Israel’s Satellite and Cable Council ruled Thursday that the country’s cable companies can pull CNN Intl. from their systems.
The regulatory agency’s verdict was the result of a request from three operators to drop CNNi while at the same time trying to resolve a contractual squabble with the cabler. CNNi’s deal with the ops ends Oct. 31, after which time the operators are free to drop the AOL Time Warner channel.
Inside sources at CNN indicated that the camps couldn’t agree on a carriage charge. Cable companies and satcasters in the Holy Land want CNNi’s price to drop, complaining that they are feeling the pinch of an economic downturn and that they’ve lost business to upstart satcaster YES, which has around 310,000 subscribers. Cable companies have 1.15 million subs.
CNNi views the petition as a negotiating posture to drive down the price.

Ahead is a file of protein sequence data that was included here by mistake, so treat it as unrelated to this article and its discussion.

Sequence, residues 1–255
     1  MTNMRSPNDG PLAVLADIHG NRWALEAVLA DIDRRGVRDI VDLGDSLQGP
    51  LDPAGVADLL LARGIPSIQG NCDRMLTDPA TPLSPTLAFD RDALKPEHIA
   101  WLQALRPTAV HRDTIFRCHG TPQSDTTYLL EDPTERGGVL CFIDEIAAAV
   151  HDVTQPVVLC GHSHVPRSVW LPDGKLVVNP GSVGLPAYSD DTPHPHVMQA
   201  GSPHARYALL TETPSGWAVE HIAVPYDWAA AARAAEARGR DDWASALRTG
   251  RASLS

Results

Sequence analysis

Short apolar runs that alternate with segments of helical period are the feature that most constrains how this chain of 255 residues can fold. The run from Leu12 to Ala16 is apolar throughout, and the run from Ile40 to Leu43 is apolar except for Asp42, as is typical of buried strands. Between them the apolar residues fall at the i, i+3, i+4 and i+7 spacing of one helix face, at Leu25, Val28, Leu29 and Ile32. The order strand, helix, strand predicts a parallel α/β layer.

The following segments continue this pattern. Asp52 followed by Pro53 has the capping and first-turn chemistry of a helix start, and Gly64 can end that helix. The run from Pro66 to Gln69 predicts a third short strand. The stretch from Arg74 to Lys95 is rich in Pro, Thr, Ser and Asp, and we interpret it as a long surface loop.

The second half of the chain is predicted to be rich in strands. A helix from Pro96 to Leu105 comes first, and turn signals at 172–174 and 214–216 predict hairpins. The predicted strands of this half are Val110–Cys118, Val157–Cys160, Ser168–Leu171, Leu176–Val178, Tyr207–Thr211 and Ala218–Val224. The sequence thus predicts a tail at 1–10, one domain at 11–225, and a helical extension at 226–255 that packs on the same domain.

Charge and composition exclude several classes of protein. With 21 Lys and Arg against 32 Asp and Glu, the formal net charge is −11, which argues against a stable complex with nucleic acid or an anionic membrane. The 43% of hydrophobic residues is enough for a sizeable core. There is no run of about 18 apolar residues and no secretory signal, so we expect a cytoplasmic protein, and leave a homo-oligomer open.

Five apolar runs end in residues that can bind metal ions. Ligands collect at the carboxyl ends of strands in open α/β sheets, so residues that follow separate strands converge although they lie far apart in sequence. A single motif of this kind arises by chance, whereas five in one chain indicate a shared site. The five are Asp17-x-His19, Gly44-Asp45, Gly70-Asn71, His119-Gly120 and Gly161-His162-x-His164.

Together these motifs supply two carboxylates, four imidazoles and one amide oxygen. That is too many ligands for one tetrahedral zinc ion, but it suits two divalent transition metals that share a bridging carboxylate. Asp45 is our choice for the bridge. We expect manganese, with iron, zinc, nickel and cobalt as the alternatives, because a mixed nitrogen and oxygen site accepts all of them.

“On the face of it, it would seem like the cable companies’ scapegoating of CNN and the attack campaign against CNN is continuing,” said Ron Ciccone, Turner senior veepee for the Middle East, hinting that criticism of the net’s content in this politically sensitive corner of the world is perhaps a distraction from the core issue.
“We have every concern that the Israeli public be properly served with responsible and objective reporting,” he said.
In its official notification, however, the regulator said that the network’s editorial content was not factored into its verdict.
The cabler has frequently been accused of producing stories that show bias toward Palestinians in the Middle East conflict. When CNN founder Ted Turner (who takes no direct part in the company) publicly equated Palestinian terrorism and Israeli military actions, the Mouth of the South touched some sensitive nerves. Soon after, news exec Eason Jordan paid a visit to the country to smooth over the flap with government officials and cable guys.
Despite the verdict from the council, however, insiders at CNNi predict that negotiations with cable ops and satcasters will continue.
BBC, Sky News and most recent arrival Fox News are all alternatives to the AOL Time Warner company.